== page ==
With nightfall, Bryan Denton and I are back from the front lines near Brega. With Kareem Fahim and David Kirkpatrick, we’ll have an update soon on the NATO airstrike on a rebel column.
First, here is the link, as promised, to the At War post describing the rebels’ attack on Brega on Friday, which was thwarted by artillery and machine gun fire from forces loyal to Col. Muammar el-Qaddafi. Bryan Denton (@bdentonphoto on Twitter) has a strong run of photographs from that failed attack and hasty retreat. We’ll try to get them embedded in the At War post later.
Meanwhile, here is today’s initial story on the blue-on-blue airstrike at the edge of Brega last night.
ABOUT THE PHOTO
Libyan rebels have been turning up at the front with all manner of small arms. Most of their light weapons fall within the familiar suite of former Eastern bloc equipment. But each day unusual items appear. This man is holding an MP-38, the German submachine gun that soon evolved into the MP-40, one of the Wehrmacht’s most successful and well-known shoulder-fired arms during World War Two.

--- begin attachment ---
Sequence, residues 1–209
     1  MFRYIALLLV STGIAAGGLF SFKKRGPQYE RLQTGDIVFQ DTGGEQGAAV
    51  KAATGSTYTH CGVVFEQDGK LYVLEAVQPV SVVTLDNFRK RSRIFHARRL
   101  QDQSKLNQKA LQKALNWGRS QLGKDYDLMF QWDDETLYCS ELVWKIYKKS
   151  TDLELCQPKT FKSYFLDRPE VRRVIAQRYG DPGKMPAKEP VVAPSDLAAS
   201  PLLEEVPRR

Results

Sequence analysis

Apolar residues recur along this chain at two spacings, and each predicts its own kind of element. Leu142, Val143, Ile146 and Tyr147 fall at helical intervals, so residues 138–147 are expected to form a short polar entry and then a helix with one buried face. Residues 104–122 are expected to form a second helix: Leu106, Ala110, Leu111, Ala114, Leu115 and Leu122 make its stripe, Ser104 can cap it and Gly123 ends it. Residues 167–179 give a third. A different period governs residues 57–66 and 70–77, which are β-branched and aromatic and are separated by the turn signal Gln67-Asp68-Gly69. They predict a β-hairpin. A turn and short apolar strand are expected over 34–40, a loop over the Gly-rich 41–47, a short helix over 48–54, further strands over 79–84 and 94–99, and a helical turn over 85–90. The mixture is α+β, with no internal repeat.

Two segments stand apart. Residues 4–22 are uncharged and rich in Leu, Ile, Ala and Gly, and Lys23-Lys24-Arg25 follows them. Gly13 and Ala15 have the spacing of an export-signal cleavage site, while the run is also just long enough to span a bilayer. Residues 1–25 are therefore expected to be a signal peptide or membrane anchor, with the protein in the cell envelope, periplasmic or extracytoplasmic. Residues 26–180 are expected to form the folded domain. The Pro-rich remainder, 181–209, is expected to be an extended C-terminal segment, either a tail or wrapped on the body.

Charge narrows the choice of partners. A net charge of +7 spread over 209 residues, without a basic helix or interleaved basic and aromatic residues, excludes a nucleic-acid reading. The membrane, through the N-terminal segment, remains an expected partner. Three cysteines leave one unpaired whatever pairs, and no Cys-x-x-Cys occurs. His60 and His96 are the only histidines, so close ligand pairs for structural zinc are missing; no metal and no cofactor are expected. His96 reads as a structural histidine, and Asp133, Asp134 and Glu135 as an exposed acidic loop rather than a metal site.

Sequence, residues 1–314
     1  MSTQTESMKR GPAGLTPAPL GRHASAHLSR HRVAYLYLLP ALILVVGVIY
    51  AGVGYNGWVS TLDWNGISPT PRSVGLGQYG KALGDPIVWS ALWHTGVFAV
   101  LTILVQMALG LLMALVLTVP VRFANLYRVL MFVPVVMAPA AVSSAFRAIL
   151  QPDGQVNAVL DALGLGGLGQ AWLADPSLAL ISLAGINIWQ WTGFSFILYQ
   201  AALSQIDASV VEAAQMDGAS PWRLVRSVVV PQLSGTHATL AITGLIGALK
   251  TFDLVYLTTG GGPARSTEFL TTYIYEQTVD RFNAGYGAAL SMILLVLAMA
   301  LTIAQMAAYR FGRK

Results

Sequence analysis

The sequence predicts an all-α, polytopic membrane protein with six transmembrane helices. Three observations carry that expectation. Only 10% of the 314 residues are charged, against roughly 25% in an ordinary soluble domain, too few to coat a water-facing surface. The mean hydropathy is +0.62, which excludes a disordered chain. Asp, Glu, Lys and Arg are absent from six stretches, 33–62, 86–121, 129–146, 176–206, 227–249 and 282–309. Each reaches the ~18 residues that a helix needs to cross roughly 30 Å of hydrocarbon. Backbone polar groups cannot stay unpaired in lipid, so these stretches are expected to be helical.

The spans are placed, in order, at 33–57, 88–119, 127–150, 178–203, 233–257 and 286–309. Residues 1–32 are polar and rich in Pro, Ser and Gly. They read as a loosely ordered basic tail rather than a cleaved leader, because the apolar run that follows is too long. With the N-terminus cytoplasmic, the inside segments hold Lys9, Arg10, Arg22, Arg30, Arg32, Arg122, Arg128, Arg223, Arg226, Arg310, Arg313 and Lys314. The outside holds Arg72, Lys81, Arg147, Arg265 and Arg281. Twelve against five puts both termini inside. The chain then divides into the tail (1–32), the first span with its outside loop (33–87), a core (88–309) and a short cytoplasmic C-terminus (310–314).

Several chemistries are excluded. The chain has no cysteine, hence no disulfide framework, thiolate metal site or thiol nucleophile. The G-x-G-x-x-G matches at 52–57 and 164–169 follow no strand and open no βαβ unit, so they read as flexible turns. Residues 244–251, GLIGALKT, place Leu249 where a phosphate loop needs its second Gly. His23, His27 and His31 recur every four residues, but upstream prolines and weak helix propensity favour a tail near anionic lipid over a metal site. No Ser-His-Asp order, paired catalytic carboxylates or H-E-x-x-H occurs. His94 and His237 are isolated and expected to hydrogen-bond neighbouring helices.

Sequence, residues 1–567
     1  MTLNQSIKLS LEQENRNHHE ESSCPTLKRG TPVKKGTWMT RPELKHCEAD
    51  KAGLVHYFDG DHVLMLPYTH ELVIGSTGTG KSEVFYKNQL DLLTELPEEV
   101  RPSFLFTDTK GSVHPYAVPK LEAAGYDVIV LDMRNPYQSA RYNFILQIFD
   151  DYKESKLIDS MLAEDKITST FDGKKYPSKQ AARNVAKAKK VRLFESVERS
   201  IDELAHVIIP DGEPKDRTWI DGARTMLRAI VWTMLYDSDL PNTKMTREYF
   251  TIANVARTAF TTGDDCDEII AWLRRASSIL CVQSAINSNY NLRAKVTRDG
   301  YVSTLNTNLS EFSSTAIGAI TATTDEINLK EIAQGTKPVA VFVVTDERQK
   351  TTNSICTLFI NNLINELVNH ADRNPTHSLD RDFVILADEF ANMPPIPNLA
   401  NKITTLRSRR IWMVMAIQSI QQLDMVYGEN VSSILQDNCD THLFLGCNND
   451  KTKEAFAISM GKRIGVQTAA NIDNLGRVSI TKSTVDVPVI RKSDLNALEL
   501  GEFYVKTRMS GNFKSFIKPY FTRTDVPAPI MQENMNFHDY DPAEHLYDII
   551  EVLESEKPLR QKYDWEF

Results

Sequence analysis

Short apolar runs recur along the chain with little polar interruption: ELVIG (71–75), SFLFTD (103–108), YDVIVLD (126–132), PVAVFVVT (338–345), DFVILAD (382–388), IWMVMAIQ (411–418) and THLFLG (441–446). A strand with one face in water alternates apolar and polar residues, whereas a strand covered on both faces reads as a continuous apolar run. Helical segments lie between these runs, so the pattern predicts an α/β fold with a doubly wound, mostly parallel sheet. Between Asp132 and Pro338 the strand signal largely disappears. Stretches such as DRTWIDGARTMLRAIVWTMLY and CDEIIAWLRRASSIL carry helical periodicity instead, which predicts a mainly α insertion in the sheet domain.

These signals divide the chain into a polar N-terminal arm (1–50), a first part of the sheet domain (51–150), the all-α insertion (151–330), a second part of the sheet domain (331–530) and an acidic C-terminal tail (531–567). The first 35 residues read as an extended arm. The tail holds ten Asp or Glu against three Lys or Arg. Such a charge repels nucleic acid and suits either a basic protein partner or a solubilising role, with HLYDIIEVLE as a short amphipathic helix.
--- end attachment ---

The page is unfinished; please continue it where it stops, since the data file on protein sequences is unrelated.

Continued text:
Have a close look. See what’s missing? The magazine. This gentleman did not not have one; nor did he have 9x19-mm Parabellum rounds the MP-38 fires. Rebels who show up with unusual weapons often find no ammunition or supporting equipment at the front. On the battle lines in Libya, this MP-38 is a curio and a symbol; it suggests this man’s strong sense of identity with the rebel’s cause. But it is not any more of a weapon than, say, a plumber’s wrench. It also serves as a reminder of a point we often make here: Small arms are a system. When supplies of ammunition or component parts runs dry, the system ceases to work. This is how many classes of former popular weapons finally leave the battlefield. (In this case, the shortage is of magazines; the MP-38’s ammunition is readily available worldwide, and visible in rebel hands in Libya.) Photo by the author. Today.